In most institutes Sonography is the first investigation recommended for a patient presenting in ER with signs of cholecystitis. As most patients with a diagnosis of uncomplicated cholecystitis are rarely advised a cross-sectional imaging and treated conservatively followed by an elective cholecystectomy, hence making a diagnosis of perforation on USG and segregating such cases who require urgent intervention is of paramount importance [16,17]. USG is usually the initial method of investigation of choice in patients though findings may be non-specific. US findings in acute cholecystitis, such as the GB wall thickening, GB distension, pericholecystic free fluid, and positive sonographic Murphy sign, may also be present in GB perforation cases [16,17]. Chau et al., first described the “sonographic-hole” sign, which is the direct visualization of a GB wall defect on USG [Table/Fig-8]. It is a very specific sign of GB perforation that can be seen on USG, CT or MR Imaging and hence used in our study as a parameter to compare both the modalities . We saw the hole sign in 9 out of 17 cases in USG as compared to CT/MRI scan which obviously had a better sensitivity(14 out of 17). Our findings corroborates with Kim et al., who also reported a higher sensitivity of CT compared to USG in picking perforations in GB wall . The focal rent/discontinuity in the GB wall was better appreciated on CT/MRI [Table/Fig-9], secondly extra luminal gall stones observed in few cases [Table/Fig-10] were also specific for perforations. Besides associated complications of GB perforations like peri-cholecystic collections, mostly associated with type II perforations were also better demonstrated on cross-sectional imaging [19–21]. The relatively poor sensitivity of ultrasound in detecting dehiscence in GB could be attributed to several factors like large body habitus of the patient, acoustic shadow from stones obscuring the dependent wall, artefacts due to pneumobilia. In type III or chronic perforations USG failed to demonstrate the fistulous communication because the fistulous communications were small and difficult enough to be detected, besides the reverberation artifact from air in the bowel loop at the fistulous site reduced the exclusion value of Ultrasound. MRI with heavily T2W sequences  was particularly useful for depicting the fistulous tract [Table/Fig-11]. Spilled gall stones which could only be seen by cross-sectional imaging [Table/Fig-10] should always be tried to remove on surgery as they may incite inflammation and erode into gut [19,23].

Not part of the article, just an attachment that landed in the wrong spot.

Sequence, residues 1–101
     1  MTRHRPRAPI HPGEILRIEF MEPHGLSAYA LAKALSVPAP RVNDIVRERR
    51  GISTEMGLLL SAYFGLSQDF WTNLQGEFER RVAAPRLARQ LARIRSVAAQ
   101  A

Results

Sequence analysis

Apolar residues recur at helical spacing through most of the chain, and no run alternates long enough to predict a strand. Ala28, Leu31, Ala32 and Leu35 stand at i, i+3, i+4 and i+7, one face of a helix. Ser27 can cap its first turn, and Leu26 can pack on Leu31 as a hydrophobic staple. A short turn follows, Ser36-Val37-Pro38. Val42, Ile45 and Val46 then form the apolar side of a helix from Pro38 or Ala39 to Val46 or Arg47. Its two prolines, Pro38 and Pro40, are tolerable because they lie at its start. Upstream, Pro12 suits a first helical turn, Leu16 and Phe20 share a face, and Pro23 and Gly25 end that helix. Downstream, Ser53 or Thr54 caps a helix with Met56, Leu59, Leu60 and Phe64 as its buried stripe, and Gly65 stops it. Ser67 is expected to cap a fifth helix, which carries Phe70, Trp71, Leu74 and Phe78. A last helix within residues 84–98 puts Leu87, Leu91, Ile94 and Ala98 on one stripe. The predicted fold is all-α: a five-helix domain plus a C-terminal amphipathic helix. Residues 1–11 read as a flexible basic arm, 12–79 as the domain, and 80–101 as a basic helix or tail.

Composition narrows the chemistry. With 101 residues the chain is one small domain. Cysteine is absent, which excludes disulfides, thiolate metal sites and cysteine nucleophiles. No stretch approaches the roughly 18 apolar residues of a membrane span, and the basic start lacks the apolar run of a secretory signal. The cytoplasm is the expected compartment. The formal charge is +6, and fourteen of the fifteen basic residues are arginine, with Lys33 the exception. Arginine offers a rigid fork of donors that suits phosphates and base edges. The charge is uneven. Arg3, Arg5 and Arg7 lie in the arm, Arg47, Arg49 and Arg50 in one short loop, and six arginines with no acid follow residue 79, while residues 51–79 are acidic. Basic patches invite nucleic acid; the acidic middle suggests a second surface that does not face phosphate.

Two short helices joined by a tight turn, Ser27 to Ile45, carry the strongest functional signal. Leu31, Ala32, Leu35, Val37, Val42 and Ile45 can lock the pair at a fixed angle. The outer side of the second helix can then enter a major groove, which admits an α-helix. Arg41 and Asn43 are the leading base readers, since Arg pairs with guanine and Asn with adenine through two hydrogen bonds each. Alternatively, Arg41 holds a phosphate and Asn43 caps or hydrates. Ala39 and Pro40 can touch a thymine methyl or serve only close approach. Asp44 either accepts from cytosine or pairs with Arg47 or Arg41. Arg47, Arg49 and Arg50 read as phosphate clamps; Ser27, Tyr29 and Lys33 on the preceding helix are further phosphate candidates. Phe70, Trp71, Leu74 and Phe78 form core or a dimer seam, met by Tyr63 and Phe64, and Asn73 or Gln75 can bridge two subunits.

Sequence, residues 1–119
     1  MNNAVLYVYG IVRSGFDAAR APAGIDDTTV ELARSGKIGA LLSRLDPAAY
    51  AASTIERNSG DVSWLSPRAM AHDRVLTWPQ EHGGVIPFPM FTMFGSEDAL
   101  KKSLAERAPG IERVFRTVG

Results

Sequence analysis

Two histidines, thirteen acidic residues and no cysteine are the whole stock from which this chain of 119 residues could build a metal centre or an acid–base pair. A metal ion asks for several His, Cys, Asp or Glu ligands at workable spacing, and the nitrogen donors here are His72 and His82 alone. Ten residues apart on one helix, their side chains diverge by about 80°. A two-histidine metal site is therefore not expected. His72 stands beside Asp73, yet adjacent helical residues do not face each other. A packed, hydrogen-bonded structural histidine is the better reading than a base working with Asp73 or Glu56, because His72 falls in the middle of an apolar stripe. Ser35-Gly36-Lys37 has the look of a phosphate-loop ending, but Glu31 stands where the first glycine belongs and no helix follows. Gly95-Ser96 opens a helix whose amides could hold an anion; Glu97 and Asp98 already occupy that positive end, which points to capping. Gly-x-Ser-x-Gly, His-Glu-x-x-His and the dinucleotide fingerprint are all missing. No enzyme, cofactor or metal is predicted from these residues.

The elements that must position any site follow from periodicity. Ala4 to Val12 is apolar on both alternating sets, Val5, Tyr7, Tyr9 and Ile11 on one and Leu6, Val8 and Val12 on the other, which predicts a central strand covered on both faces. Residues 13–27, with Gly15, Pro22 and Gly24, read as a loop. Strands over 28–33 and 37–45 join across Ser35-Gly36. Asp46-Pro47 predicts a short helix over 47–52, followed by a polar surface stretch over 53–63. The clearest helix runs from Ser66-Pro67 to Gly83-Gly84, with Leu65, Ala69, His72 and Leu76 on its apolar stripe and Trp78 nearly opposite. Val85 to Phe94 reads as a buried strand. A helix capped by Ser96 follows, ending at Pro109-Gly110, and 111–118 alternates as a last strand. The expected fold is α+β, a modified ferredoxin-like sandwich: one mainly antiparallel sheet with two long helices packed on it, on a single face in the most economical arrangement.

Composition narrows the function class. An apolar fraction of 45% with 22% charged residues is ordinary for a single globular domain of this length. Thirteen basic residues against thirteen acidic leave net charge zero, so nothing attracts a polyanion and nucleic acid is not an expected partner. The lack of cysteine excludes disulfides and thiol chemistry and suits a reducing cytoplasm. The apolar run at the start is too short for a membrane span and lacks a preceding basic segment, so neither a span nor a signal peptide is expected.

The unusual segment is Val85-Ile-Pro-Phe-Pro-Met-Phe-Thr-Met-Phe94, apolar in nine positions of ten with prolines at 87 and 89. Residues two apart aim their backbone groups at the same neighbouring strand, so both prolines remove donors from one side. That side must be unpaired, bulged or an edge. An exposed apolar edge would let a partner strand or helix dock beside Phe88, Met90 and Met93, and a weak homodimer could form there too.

A rent(red arrow) was seen near the fundus with a pericholecystic collection with direct continuity into the GB.
Axial post contrast CT scan images show inflamed and oedematous walls with pericholecystic inflammation. Multiple variable sizes GB wall perforations were in GB fundus and body regions. (white arrows). Corona and Sagittal reformatted images also show multi-sites GB perforations.